Station 3: Traffic & Roads


#deinsauerland / Outdooractive POIs / Station 3: Traffic & Roads

Information point:

- Weststraße 58: Hotel Störmann / former royal Prussian post office

Kutsche vor Haus Störmann in Schmallenberg 1890.

Der Arzt Dr. Witzheller im ersten Schmallenberger Auto 1908.

Postauto in Wormbach in den 1920er Jahren.

Die Ochsenkarre ist als Transportmittel noch lange gebräuchlich.

  Pflasterarbeiten zur Befestigung an der Weststraße zu Beginn des 20. Jahrhunderts.

Die untere Weststraße im Jahre 1912.

Die untere Weststraße bei Störmann um 1920.

Eisenbahnbau bei Schmallenberg um 1910.

Bau der Eisenbahnbrücke am Donscheid bei Fredeburg im Jahre 1908.

Ankündigung der Eröffnung der Eisenbahn bis Fredeburg 1899.

Schmallenberg mit Eisenbahn im Jahre 1904: Die Eisenbahntrasse ist in der Bildmitte im Hintergrund erkennbar.


Station 3: Traffic & Roads

Weststraße 58

57392 Schmallenberg



Transport routes

Until well into the 19th century, people in the Sauerland traveled either on horseback or on foot. Further distances could be covered by stagecoaches. In Schmallenberg, the stagecoaches stopped at the horse-changing station or Posthalterei, which was run by the merchant Anton Johann Störmann. In 1769, he received permission to serve alcohol and to build an inn. The inn was connected with the post office and a grocery store. Störmann traded in almost everything: textiles (damask blankets, caps, bedding, yarn, knitted stockings), foodstuffs (coffee, sugar, wine, herrings, flour), goods for everyday use (wax candles, shoe nails) and home-distilled liquor. The family members also worked as farmers, carters, provided several mayors and a descendant founded the first textile factory. In 1826 Störmann was appointed "royal post office keeper". Carriages and horses traveled on little paved roads. A real road construction began only at the end of the 18th century. Now, chausses were built on dry and hard surfaces and a bulge was placed in the middle of the road for water drainage. The roads were terribly dusty; bitumen and asphalt as binding agents did not appear until around 1900. In Schmallenberg, the road to Gleidorf was paved in 1842 (today's B 236), and in 1844 the road section to Fleckenberg. The former Landwehr (rampart) in the north was turned into meadows and gardens. The square in front of the town was established as a shooting range and surrounded with trees and hedges. In 1849 the road (Kommunalweg) to Grafschaft was built and in 1856 the one to Wormbach via Obringhausen. On it - between Fredeburg and Meschede, Winterberg and Schmallenberg - stagecoaches pulled by two horses now ran regularly. The Schmallenberg physician Dr. Witzheller acquired the first car in Schmallenberg for his house calls in 1908, and built a car shed (with half-timbering, transom windows and wooden gates) at his house on Weststraße.Even after 1945, only the main streets and the streets in the town center were developed or paved. All other streets had water-bound, dusty surfaces. In 1949, their expansion and paving began. Traffic grew steadily in the following years; in 1997, the bypass was opened, relieving the historic city center. The connection to the railroad network was made relatively late in 1888 and was not a success story: after just over 100 years, the connection was abandoned again in 1994. In 1885-87, the Schmallenberg-Altemhunden railroad line was built. In 1889, the line was extended via Fredeburg to Wenholthausen and Wennemen. The line proved to be unprofitable: in 1964 the Altenhundem - Wenholthausen connection was discontinued, in 1967 the Altenhundem-Schmallenberg section was dismantled and in 1991 the Wenholthausen-Schmallenberg connection was discontinued, and in 1994 the Schmallenberg-Wennemen connection. Since 2006, there has been a cycle path (the "Sauerlandradring") on the railroad embankment between Schmallenberg and Eslohe-Bremke.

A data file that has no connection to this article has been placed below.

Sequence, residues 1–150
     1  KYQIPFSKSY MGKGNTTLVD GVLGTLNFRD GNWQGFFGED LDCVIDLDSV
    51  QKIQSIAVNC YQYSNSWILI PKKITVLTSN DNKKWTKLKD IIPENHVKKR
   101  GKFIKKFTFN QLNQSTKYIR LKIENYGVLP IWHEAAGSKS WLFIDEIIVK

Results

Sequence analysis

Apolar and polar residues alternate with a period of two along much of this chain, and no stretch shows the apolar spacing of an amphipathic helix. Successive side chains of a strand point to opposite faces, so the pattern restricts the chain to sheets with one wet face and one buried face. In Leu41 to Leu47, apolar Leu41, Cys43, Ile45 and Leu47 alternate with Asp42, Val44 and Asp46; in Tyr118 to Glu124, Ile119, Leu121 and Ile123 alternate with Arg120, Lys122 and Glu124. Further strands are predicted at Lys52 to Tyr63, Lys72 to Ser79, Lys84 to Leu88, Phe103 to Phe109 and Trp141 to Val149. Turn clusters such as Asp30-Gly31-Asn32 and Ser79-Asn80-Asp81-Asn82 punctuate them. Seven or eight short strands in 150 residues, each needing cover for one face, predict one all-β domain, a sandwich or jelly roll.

Further infrastructure expansion

In the long run, the other infrastructure development was more successful than the railroad construction: Already in 1852, the higher town school had been founded, and in 1855, the savings bank (Oststraße 41) as the second in the district of Meschede. In 1876 the town was connected to the telegraph line Cologne-Meschede and in 1881 the first telephone set was installed. In 1882, the first water came directly into the houses via domestic water pipes. Until then, all water for drinking and domestic use had to be drawn from draw wells within the town; almost every house had a well until 1882. In case of water shortage, water was fetched from the Lenne. The house owners had to contribute financially to the development of the water pipeline. With the new water pipeline, the water tanks for fire extinguishing (the so-called "Feuerkümpe" at the Mittelstraße and at the Synagogenstraße) became superfluous. Improving health care also included the construction of the nursing home at Weststraße 48 in 1910/11, which developed into a municipal hospital that had to be abandoned in 1974. There had already been a pharmacy in the city since 1798 (Weststraße 62, since 1960 Löwenapotheke at Weststraße 16; the Marien-Apotheke continues to operate in the old building). The establishment of a river baths in the Lenne in 1906 was part of the growing health care. In 1974 Schmallenberg and Grafschaft received the status of state-approved climatic health resorts.

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